Before or after your Andes crossing with Cruce Andino, check out these five things to do in Argentina’s famous Patagonian lake and mountain resort town.
Explore Nahuel Huapi National Park
Named after the lake it surrounds, Argentina’s oldest national park was established in 1934. Comprising nearly two million acres, this is also the nation’s largest park. The massive lake and snow-capped Andes mountains dominate the park. But being so big, there’s plenty of acreage left for glaciers, rivers, waterfalls and forests. Wildlife includes river otters, huemul and pudú deer, foxes, pumas, guanacos and a large rodent called the mara. Huillin, an endangered species of river otter, are sometimes also spotted. Birders scan the park’s deep-blue skies and thousand-plus plant species for Magellanic woodpeckers, Andean condors, green-backed firecrowns and blue-eyed cormorants as well as green austral parakeets, geese, ducks and swans.
Cruise the Circuito Chico
One of Argentina’s most beautiful drives, the 37-mile circuit takes around four hours including stops to eat and take photos around the gorgeous Llao Llao Peninsula. On the way out from Bariloche plan stops at beautiful Playa Bonita (with Huemul Island just offshore) and Cerro Campanario, where you can hike or ride a chairlift up 3,500 feet to viewing platforms with stunning views of Patagonia. The historic Llao Llao Hotel is another great stop for views and nature appreciation, as well as the short walk to the neo-gothic San Eduardo Chapel (built in 1938). About 15 miles from town is Puerto Panuelo, jumping off spot for lake cruises. Linger for awhile at pebbly Playa Villa Tacul and quaff some local suds at rustic Cerveceria Patagonia before heading back to Bariloche via the shores of Lake Moreno and Laguna El Trebol.
Summit Cerro Otto
You can climb or bike up Cerro Otto by way of several different paths (with varying degrees of difficulty) or hop the little red cable car operated by Teleférico Cerro Otto. The cable car trip takes about 12 minutes with proceeds from your ticket going to local hospitals. You can also reach the mountain via Teleférico’s free shuttle buses from two stops in Bariloche or drive yourself to the top along a gravel road (4×4 recommended). However you reach the summit, the panoramic views are well worth the trip. In winter, cross-country skis and sleds are for rent at the cafeteria. The Cable Car Complex also house an art gallery — with full-sized replicas of Michelangelo’s David, Pietà and Moses — as well as a nightclub, small movie theater and shops.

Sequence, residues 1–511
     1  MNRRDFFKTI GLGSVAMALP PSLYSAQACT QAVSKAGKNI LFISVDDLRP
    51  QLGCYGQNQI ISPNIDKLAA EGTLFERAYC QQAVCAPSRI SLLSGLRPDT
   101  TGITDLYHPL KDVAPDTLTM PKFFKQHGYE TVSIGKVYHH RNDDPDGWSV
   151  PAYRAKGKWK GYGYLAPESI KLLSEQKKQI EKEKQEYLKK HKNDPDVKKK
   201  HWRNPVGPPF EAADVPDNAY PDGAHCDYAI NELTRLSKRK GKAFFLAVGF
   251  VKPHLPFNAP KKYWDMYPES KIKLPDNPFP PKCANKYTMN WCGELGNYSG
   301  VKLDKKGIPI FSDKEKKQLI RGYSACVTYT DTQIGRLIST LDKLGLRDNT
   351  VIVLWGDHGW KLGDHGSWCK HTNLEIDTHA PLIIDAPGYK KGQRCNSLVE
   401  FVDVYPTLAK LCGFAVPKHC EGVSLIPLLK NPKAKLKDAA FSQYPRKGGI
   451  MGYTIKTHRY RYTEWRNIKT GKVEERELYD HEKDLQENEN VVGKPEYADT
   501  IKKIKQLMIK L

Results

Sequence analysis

Savor Chocolate and Dinosaurs
Bariloche boasts half a dozen good museums. But if you’re traveling with children we suggest stops at the area’s newest addition and the only one of its kind in the area — the flavorsome Museo del Chocolate (Museum of Chocolate). Having satiated their sweet tooth, take the kids to Parque Nahuelito, a dinosaur museum and theme park that features over 30 life-size creatures from the primordial past. One and a half hour guided tours (in Spanish) run every half hour or so.
As the largest and deepest water body in Argentina’s Lake District, Nahuel Huapi is a hub for all different kinds of water sports. First and foremost are six beaches: Playa del Centenario, Playa del Centro, Playa Melipal, Playa Bonita, Playa Serena, Playa Villa Tacul. Aquatic recreation runs a broad gamut from kayaking, windsurfing and kitesurfing, to boat trips, fishing, and even scuba diving. If swimming in an Andean lake is on your bucket list, Playa Serena tends to have the warmest water, Villa Tacul the coldest.Tags: Argentina, Bariloche, Lake vacations, Patagonia, what to do after Cruce Andino